4 tips to tackle COVID-19 misinformation
Scientists are learning more about COVID-19 every day. Unfortunately, they’re up against a flood of misinformation.
The deluge of false information related to COVID-19 has been called an “infodemic” by the World Health Organization. It’s a difficult problem to address, as healthcare professionals and others combat rumors, confusion over rapidly evolving guidelines and malicious actors trying to take advantage of gaps in knowledge for their own gain, such as selling fake cures.
Hospitals can play an important role in addressing that challenge by disseminating trusted, reliable information, said Tom Bauer, senior director of patient and family education at Johns Hopkins Medicine in Baltimore. “It’s a very important responsibility of an organization like ours,” he said.
Here are four things healthcare leaders suggest keeping in mind to address COVID-19 misinformation and educate patients.
1. Keep it simple. Johns Hopkins Medicine has published webpages that breaking down common COVID-19 myths and teach patients how to spot misinformation. The health system knew the information on those pages had to be factually accurate based on scientific evidence, and be digestible for a general audience, Bauer said.
“Health information is sometimes very difficult to understand,” particularly when it comes to details of a new disease, Bauer said. “We spend a lot of time taking advanced science and trying to make it understandable.”
That means explaining terms like “social distancing” in plain language—Bauer said his team tries to create educational materials at a 5th- to 9th-grade reading level—as well as using formats like frequently asked questions or infographics, which can keep a reader’s attention focused on “need-to-know” information.
It’s also important to include links to references in educational materials, so patients know where to check for more recent information, said Beverly Belton, a field director for the hospital and nursing care center programs at the Joint Commission. “Having a stagnant document isn’t useful, because that information gets old,” she said.
2. Social media can be a tool. Social media has been tied to the proliferation of misinformation, but it can be a friend, hospital executives say.
In March, executives at St. Luke’s Health System in Kansas City, Mo., were shocked to discover a memo circulating online claiming that alcohol consumption would reduce the risk of contracting COVID-19. The claim had no scientific backing and the memo purported to come from St. Luke’s, despite health system executives having never seen it before.
St. Luke’s took to social media to clarify that the memo wasn’t from the health system and contained inaccurate information, a tactic it’s continued to use as COVID-19 cases have continued to mount in the U.S., said Dr. Melinda Estes, the health system’s president and CEO. St. Luke’s continues to post a variety of content related to masks, social distancing and hand washing on its social media pages.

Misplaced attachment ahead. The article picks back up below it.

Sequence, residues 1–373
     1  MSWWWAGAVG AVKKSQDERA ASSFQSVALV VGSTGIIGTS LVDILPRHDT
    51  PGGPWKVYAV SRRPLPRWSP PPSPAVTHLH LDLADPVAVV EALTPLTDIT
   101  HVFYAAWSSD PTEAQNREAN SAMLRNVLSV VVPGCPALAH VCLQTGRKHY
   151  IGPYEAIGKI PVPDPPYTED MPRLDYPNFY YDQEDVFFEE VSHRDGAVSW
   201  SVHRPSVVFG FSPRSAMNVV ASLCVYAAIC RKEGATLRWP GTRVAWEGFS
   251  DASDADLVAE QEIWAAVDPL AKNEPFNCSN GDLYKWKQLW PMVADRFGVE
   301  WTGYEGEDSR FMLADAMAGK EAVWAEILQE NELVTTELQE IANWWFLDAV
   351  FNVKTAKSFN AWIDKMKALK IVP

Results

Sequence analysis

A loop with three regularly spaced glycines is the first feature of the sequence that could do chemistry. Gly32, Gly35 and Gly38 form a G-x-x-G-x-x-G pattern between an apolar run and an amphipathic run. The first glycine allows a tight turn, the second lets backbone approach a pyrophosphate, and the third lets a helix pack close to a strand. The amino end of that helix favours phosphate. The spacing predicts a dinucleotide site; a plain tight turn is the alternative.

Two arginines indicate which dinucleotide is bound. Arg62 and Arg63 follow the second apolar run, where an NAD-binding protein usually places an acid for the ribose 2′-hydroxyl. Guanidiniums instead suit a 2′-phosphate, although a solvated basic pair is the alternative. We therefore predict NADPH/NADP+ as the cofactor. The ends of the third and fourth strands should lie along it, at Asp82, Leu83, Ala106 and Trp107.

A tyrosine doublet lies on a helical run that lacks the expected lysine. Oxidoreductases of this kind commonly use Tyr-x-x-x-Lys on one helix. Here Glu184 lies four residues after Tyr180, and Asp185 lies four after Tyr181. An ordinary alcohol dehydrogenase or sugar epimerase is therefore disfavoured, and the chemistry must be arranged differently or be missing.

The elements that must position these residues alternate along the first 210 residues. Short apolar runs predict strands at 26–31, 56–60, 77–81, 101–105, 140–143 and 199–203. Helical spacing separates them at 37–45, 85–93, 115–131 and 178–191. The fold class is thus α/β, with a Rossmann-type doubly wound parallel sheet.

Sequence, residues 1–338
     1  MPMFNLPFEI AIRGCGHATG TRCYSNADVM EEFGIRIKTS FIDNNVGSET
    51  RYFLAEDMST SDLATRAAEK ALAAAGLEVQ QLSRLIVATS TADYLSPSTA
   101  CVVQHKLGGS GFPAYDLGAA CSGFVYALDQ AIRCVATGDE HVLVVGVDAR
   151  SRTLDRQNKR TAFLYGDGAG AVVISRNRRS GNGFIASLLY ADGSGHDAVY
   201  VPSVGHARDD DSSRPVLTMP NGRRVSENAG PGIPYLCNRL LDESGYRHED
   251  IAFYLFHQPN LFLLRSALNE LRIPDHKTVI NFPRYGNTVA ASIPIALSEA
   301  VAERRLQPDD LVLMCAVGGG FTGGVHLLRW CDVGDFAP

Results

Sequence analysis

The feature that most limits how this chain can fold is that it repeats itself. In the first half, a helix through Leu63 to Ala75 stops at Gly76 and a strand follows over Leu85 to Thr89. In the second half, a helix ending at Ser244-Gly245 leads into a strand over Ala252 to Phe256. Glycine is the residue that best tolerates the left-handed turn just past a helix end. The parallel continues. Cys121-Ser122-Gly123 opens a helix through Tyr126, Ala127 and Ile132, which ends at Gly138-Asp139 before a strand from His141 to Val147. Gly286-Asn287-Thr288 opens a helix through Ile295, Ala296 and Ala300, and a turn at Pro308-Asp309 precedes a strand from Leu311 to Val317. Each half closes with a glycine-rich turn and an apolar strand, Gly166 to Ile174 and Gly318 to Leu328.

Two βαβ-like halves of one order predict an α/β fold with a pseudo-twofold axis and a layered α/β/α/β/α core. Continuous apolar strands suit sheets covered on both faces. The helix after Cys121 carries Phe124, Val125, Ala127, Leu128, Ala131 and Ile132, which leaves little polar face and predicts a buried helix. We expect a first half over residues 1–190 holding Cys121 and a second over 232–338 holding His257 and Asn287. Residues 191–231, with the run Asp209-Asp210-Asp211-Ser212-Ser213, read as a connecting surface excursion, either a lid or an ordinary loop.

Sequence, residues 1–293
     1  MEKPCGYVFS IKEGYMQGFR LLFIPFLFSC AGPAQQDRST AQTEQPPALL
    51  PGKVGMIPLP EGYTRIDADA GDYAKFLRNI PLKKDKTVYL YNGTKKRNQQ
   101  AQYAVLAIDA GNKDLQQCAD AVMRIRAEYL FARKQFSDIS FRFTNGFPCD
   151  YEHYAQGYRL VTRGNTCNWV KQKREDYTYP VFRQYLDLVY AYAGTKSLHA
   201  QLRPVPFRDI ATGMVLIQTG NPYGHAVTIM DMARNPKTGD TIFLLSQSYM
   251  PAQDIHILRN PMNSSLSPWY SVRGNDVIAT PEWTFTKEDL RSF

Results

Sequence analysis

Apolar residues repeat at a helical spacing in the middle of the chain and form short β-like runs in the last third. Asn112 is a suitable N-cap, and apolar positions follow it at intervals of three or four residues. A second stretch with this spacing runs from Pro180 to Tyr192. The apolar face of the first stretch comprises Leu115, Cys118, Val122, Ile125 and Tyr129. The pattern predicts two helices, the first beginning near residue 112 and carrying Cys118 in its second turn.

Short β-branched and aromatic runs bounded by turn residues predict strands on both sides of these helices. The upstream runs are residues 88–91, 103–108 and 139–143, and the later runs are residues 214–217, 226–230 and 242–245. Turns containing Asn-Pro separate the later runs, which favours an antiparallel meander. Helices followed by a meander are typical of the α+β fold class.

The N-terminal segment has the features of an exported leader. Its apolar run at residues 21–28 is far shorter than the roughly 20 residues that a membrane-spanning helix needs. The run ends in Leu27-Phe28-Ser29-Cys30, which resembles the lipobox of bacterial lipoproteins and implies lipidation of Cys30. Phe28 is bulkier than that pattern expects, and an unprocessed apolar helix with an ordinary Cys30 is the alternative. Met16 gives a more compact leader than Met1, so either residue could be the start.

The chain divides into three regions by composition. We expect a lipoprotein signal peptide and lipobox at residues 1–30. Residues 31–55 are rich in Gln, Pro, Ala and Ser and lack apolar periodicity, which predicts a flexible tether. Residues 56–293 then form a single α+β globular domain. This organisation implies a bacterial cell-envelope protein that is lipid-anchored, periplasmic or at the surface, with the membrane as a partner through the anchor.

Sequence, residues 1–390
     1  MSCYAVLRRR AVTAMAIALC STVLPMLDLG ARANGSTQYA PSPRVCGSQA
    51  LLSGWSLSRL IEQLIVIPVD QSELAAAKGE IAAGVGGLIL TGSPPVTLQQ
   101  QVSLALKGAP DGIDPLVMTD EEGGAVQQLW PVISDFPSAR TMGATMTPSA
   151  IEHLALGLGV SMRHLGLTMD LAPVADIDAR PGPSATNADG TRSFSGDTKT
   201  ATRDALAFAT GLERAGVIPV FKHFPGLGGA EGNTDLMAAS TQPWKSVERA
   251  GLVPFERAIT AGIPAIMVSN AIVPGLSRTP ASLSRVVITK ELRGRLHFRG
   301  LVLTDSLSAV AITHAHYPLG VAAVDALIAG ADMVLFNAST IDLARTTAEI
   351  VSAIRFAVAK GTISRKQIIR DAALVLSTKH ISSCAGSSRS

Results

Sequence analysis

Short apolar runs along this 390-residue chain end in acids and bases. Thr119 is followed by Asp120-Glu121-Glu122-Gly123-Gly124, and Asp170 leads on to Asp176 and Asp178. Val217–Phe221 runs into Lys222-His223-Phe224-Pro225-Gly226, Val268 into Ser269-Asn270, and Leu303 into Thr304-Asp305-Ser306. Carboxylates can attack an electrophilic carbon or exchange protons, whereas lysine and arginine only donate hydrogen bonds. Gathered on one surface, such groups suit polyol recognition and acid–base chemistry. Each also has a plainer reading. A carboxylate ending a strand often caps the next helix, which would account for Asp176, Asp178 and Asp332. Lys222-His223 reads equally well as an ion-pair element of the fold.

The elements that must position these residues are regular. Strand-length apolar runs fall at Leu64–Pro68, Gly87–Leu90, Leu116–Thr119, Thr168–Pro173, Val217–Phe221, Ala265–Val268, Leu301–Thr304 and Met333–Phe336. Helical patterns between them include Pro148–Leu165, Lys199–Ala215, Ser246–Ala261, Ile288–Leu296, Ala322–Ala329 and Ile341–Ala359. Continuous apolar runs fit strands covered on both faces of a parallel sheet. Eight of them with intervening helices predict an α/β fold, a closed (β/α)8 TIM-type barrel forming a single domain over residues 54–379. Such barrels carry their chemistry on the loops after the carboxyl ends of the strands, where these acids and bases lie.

“We’ve used videos, we’ve used graphics, we’ve used interviews (with experts), we’ve put the CDC data out there,” she said.
3. Experiment with new resources. Mount Sinai Health System in New York City this month announced an agreement with NewsGuard, a startup that assigns credibility ratings to news and information websites. As part of the partnership, Mount Sinai is offering patients and staff free access to a browser extension from the company that specifically rates websites that cover health topics.
The project aims to close a gap in information that the health system noticed while treating patients at the height of the COVID-19 outbreak in New York. In the spring, much of Mount Sinai’s communications department was redeployed to focus on an emergency communications command center, where they developed daily educational materials for staff, patients and the public, said John Davey, Mount Sinai’s vice president of marketing technology.
“When we were doing our research for all this content, we saw there was so much misinformation (and) disinformation out there,” he said. Mount Sinai’s still figuring out how to ensure the NewsGuard plug-in will work for all patients, even if they’re using an older internet browser, so they haven’t sent emails alerting patients and staff about the new resource yet.
4. Hospital staff are a source of information, too. While educational campaigns can help combat misinformation, hospital executives should empower staff to feel confident educating the community. As part of that effort, St. Luke’s has made infection prevention staff and physicians available for interviews with local news media to discuss how to reduce infection risks, Estes said.
Nurses, whom Americans consistently rank as the most trusted profession in polls, can be especially impactful here, according to Belton.
“When patients are in the hospital, they spend the majority of their time with nurses,” she said. “It’s important for hospitals to ensure that their nurses have the latest and correct information.”
Belton suggested hospitals designate a set of experts with backgrounds in infection prevention and infectious disease to keep track of COVID-19 developments, who are tasked with serving as a clearinghouse for this information and developing ways to share noteworthy new findings and guidelines to providers, so everyone’s up to date.
It can also help to provide clinicians with talking points related to COVID-19, said Jean-Luc Vezina, a nurse surveyor for the behavioral health and human services programs at the Joint Commission, so that they feel more confident talking to patients about the disease.